Tiny Grimes

April 4, 2007

| Nicolai Foss |

I have been listening quite a bit to Tiny Grimes lately, particularly Callin’ the Blues and Tiny Grimes, 1944-1949. Grimes seems to be a rather under-rated player. He may be best known as one of the inventors of rock’n’roll (the rock’n’roll element is very much present on Callin’ the Blues) — which may be sufficient ground for many jazz buffs to disregard or even dismiss him.

Grimes performed on an electric tenor archtop with a bouncing robust style that owed more to Charlie Christian than to anyone else. He was, however, perhaps even more rhytmically direct than Christian and his tone was more distorted. His playing is the link between Christian and more contemporary players like Billy Butler, and, perhaps, Chris Flory and Duke Robillard. If you don’t know Tiny’s work, I strongly recommend the above two CDs (the latter also contains the classic four cuts with Charlie Parker).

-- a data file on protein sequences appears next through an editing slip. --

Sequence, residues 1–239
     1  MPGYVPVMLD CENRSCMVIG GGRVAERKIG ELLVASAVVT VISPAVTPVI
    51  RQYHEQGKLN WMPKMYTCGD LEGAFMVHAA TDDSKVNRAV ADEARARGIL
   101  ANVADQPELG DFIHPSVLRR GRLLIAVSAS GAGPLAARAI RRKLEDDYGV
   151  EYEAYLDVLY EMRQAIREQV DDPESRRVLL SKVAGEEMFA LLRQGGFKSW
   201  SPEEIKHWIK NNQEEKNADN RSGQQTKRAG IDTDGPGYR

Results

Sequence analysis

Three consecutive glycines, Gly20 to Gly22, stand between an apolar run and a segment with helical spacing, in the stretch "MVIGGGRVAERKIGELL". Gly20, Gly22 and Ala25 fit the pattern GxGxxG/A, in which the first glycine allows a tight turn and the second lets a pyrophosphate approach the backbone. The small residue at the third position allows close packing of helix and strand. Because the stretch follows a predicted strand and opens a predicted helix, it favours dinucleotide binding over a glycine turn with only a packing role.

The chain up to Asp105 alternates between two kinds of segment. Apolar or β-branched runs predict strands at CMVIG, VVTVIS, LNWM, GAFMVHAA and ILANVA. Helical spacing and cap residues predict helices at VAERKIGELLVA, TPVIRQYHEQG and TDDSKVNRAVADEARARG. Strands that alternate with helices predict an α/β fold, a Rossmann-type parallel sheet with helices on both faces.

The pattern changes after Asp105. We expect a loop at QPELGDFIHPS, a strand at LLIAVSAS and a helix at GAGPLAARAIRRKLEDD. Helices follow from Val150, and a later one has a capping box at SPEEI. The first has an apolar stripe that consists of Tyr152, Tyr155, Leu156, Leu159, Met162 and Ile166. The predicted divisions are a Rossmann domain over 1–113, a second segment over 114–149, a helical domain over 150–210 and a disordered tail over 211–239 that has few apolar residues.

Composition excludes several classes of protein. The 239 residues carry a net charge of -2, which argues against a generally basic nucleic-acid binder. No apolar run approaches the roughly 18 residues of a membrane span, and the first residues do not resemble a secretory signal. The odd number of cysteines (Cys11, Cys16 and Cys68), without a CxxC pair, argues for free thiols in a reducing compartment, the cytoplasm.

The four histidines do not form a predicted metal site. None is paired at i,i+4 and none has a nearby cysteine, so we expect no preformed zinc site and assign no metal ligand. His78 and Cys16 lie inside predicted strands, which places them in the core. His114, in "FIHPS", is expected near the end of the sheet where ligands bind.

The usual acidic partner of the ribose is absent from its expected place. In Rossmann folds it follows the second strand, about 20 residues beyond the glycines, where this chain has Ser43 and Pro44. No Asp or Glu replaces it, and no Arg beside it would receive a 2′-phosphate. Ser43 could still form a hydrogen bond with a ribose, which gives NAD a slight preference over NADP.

UPDATE: Here is the only YouTube clip with Tiny.


2 Responses to “Tiny Grimes”

  1. […] blogged about a month ago on Tiny’s early work, praising it, but his work on this CD, recorded in […]

  2. Jean-Pierre Says:

    Thank you for this post on the great, if I may say so, “Tiny” Grimes, one of my favourite guitar players. I discoverd him a long time ago with “Some groovy four” (recorded in France, vinyle edition). He has been characterised as a “pre bop” guitarist by some author; I cannot say if this statement is fully perspicacious, as I have not a great knowledge of all the musicians who led to the bop stream, but his bouncing phrases are really swinging and groovy. I wish I would find some chords and solo transcriptions (in tablature). Have you heard about some?
    Sorry for my english…

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